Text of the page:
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Psychiatry & Behavioral Sciences

Professional Organizations

American Psychiatric Association (APA) 

The American Psychiatric Association is an organization of psychiatrists working together to ensure humane care and effective treatment for all persons with mental illness, including substance use disorders.

American Board of Psychiatry and Neurology (ABPN) 

The American Board of Psychiatry and Neurology, Inc. (ABPN) is a not-for-profit corporation dedicated to serving the public interest and the professions of psychiatry and neurology by promoting excellence in practice through certification and continuing certification processes.

World Psychiatric Association (WPA) 

The WPA is psychiatry’s global association representing 140 psychiatric societies in 120 countries and supporting more than 250,000 psychiatrists. With its 70 scientific sections, publications and educational programs, it promotes collaborative work in specialist areas of psychiatry.

Practice Guidelines

•  American Psychiatric Association - APA practice guidelines provide evidence-based recommendations for the assessment and treatment of psychiatric disorders and are intended to assist in clinical decision making by presenting systematically developed patient care strategies in a standardized format.

American Academy of Child & Adolescent Psychiatry - For over 25 years, the AACAP Committee on Quality Issues (CQI) has been charged with the development of a series of documents intended to inform clinical practice in child and adolescent psychiatry. Over the next few years, the original series – known as Practice Parameters – will be phased out and replaced by two new series of documents – known as Clinical Updates and Clinical Practice Guidelines.

DynaMed - Link to relevant, up-to-date national and international guidelines in each topic summary.

• PubMed - As shown in the following tutorial, you can use PubMed to search for guidelines related to your keywords. Don't forget to limit your search by publication date as well. 

Clinical Trials - registry of federally and privately supported clinical trials conducted in the United States and around the world.

World Health Organization International Clinical Trials Registry Platform Search Portal - has information about ongoing and completed international clinical trials.

IFPMA (International Federation of Pharmaceutical Manufacturers & Associations) Clinical Trials Portal - provides new and ongoing clinical trials of members' products.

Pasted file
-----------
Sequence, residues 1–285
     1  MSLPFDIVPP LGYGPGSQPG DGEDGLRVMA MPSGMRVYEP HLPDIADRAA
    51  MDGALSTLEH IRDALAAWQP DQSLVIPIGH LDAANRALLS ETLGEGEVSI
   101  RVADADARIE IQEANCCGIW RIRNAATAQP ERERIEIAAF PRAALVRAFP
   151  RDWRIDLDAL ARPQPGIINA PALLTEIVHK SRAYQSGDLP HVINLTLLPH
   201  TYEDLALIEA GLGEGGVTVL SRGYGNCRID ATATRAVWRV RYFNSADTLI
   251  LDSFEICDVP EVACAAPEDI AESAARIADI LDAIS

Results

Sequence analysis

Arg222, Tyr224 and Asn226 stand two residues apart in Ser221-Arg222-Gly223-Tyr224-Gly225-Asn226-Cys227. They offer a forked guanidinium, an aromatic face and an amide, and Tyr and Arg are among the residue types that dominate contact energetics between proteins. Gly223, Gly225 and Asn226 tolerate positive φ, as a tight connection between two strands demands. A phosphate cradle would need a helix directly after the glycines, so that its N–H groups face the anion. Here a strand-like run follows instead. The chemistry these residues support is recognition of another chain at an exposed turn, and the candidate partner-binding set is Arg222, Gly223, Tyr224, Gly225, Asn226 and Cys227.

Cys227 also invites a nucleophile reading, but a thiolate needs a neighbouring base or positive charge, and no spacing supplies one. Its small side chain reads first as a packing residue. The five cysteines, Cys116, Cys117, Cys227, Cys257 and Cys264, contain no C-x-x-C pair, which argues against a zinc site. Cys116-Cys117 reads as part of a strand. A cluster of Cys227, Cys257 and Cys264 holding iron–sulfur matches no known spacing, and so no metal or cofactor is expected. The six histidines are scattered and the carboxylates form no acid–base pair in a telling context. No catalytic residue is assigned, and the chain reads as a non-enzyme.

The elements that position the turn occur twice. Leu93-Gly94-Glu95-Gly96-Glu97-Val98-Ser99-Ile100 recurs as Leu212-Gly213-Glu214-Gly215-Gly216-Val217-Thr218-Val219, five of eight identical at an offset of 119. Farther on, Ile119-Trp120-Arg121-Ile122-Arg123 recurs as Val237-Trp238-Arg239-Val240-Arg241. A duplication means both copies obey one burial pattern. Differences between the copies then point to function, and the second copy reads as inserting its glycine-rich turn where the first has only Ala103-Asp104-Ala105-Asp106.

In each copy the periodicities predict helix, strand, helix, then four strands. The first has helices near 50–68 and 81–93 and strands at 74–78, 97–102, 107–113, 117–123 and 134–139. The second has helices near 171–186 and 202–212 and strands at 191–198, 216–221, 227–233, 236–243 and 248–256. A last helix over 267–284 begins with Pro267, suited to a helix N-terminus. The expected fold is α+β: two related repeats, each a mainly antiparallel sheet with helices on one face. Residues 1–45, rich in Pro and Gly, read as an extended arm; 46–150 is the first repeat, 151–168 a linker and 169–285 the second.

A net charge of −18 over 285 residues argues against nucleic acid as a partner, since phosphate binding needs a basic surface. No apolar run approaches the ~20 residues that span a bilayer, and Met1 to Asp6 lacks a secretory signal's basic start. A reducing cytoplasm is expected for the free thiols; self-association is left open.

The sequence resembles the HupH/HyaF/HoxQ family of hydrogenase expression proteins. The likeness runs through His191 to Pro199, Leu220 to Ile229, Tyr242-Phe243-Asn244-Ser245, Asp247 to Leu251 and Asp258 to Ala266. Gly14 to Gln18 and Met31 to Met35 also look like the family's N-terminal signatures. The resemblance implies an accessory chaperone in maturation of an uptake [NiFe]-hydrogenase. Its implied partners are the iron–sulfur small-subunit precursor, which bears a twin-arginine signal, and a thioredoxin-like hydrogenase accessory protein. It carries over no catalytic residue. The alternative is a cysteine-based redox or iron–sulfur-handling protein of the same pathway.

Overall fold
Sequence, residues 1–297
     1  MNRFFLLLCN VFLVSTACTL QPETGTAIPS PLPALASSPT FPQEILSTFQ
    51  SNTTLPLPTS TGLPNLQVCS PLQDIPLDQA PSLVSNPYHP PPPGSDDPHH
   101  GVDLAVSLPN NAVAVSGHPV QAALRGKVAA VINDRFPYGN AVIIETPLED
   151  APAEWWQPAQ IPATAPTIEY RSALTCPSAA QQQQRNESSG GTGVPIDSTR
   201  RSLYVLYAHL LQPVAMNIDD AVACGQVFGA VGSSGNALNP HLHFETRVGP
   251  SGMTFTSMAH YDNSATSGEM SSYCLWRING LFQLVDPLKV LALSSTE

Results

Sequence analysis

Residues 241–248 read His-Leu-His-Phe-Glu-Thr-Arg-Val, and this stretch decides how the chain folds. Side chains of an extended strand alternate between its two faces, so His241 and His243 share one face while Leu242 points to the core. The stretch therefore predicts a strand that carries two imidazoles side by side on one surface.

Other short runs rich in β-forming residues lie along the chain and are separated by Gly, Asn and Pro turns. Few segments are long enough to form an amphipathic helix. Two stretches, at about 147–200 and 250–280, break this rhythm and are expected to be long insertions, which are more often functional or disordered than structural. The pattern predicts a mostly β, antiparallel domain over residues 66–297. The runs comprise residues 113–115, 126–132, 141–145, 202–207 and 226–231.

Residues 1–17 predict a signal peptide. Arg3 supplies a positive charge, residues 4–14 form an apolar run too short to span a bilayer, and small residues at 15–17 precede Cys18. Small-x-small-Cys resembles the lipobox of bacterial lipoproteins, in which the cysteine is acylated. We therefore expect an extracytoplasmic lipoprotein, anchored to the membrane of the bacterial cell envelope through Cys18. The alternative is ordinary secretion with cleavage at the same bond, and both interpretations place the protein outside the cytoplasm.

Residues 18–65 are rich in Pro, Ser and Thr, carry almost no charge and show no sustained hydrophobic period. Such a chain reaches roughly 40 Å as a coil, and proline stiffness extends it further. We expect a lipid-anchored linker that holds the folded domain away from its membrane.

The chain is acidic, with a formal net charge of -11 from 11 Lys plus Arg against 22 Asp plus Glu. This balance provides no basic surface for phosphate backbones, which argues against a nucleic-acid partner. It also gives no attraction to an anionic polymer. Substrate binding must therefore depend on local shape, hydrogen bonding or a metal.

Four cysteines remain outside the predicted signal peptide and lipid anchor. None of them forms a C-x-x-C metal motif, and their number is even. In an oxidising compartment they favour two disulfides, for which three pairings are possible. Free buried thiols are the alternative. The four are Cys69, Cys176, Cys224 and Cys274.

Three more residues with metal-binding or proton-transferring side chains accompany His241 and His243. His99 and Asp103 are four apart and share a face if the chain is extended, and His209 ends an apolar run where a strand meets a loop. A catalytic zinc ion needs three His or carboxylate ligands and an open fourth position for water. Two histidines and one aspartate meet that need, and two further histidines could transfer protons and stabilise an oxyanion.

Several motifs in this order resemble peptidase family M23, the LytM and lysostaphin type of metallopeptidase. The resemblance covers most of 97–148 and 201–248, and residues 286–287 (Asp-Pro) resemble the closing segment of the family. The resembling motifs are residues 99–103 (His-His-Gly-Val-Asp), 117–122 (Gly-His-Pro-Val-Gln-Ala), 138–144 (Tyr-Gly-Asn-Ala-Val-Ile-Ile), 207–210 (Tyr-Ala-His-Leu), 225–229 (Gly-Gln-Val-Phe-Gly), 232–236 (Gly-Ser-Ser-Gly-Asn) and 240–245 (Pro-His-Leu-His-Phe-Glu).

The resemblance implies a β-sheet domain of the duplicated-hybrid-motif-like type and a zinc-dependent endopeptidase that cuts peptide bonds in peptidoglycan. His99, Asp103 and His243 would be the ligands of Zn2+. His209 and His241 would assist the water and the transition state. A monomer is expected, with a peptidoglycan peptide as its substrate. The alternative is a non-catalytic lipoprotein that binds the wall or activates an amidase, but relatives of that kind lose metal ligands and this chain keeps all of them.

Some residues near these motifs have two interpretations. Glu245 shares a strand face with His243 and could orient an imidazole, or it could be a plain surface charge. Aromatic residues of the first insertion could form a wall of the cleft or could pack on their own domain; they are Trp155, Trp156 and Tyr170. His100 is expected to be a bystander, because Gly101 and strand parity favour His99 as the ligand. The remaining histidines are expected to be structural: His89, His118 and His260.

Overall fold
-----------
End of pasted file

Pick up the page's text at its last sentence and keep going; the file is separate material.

Data & Statistics

CDC: Mental Health Data & Statistics - Links to abundant mental health data and surveys including Behavioral Risk Factor Surveillance System (BRFSS), Household Pulse Survey, National Health and Nutrition Examination Survey (NHANES), National Ambulatory Medical Care Survey (NAMCS), National Hospital Care Survey (NHCS), National Post-acute and Long-term Care Study (NPALS), National Survey of Children’s Health (NSCH), National Survey of the Diagnosis and Treatment of ADHD and Tourette Syndrome (NS-DATA), National Violent Death Reporting System (NVDRS), National Post-acute and Long-term Care Study (NPALS), Pregnancy Risk Assessment Monitoring System (PRAMS), School Health Policies and Programs Study (SHPPS), WISQARS™CDC’s WISQARS (Web-based Injury Statistics Query and Reporting System), and Youth Risk Behavior Surveillance System (YRBSS).

National Center for Health Statistics: Fast Stats - Selected statistics on a variety of health topics including the latest data in reports, databases, and other resources.

• CDC: Data and Statistics on Children's Mental Health - Fast facts and links to data for children's mental health. 

Substance Abuse and Mental Health Data Archive (SAMHDA) - The Substance Abuse and Mental Health Data Archive (SAMHDA) provides access and the use of the nation's substance abuse and mental health research data through public use data files and documentation.

• The National Institute of Mental Health Data Archive (NDA) - The National Institute of Mental Health Data Archive (NDA) makes available human subjects data collected from hundreds of research projects across many scientific domains. De-identified human subjects data, harmonized to a common standard, are available to qualified researchers. Summary data are available to all.

National Institute on Drug Abuse: Trends and Statistics -  Information on drug use, emergency room data, prevention and treatment programs, and other research findings. 

National Survey on Drug Use and Health - Up-to-date information on tobacco, alcohol, and drug use, mental health and other health-related issues in the United States.